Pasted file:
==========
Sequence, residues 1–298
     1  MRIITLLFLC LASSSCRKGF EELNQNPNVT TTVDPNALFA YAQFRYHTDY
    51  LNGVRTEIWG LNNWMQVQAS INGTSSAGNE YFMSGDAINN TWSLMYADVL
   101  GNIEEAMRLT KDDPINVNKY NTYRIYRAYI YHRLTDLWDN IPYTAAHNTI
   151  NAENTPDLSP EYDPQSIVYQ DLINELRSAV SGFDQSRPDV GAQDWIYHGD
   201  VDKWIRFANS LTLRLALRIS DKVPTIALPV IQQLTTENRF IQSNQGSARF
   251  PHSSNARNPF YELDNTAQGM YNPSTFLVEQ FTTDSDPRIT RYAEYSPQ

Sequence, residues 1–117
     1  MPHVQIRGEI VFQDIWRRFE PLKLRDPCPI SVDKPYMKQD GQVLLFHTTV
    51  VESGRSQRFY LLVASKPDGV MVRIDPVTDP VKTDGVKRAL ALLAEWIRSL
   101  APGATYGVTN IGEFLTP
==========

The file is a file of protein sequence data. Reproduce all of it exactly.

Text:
Sequence, residues 1–298
     1  MRIITLLFLC LASSSCRKGF EELNQNPNVT TTVDPNALFA YAQFRYHTDY
    51  LNGVRTEIWG LNNWMQVQAS INGTSSAGNE YFMSGDAINN TWSLMYADVL
   101  GNIEEAMRLT KDDPINVNKY NTYRIYRAYI YHRLTDLWDN IPYTAAHNTI
   151  NAENTPDLSP EYDPQSIVYQ DLINELRSAV SGFDQSRPDV GAQDWIYHGD
   201  VDKWIRFANS LTLRLALRIS DKVPTIALPV IQQLTTENRF IQSNQGSARF
   251  PHSSNARNPF YELDNTAQGM YNPSTFLVEQ FTTDSDPRIT RYAEYSPQ

Sequence, residues 1–117
     1  MPHVQIRGEI VFQDIWRRFE PLKLRDPCPI SVDKPYMKQD GQVLLFHTTV
    51  VESGRSQRFY LLVASKPDGV MVRIDPVTDP VKTDGVKRAL ALLAEWIRSL
   101  APGATYGVTN IGEFLTP